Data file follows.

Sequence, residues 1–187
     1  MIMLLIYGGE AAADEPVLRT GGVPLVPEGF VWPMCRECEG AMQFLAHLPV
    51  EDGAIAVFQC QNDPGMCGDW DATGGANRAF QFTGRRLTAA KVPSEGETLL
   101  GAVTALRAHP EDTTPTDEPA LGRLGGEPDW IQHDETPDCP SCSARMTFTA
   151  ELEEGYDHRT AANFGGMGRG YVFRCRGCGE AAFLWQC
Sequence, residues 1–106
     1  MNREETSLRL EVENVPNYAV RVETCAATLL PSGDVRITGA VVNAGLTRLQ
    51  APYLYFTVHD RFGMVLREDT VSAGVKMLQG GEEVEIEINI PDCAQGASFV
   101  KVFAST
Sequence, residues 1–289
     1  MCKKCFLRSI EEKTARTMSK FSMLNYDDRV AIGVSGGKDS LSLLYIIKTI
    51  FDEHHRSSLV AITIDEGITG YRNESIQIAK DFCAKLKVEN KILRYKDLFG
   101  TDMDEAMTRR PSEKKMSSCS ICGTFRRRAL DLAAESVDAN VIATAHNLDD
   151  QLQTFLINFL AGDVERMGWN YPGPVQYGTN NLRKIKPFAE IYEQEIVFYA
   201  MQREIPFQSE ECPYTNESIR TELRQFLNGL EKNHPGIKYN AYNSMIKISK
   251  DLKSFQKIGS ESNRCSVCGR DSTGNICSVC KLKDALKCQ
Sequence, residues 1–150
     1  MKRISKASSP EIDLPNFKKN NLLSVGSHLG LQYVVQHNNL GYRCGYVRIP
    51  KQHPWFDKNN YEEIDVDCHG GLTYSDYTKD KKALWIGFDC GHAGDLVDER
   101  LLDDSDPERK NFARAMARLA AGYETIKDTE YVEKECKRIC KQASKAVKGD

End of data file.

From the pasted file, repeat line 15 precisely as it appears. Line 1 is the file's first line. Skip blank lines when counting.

   201  MQREIPFQSE ECPYTNESIR TELRQFLNGL EKNHPGIKYN AYNSMIKISK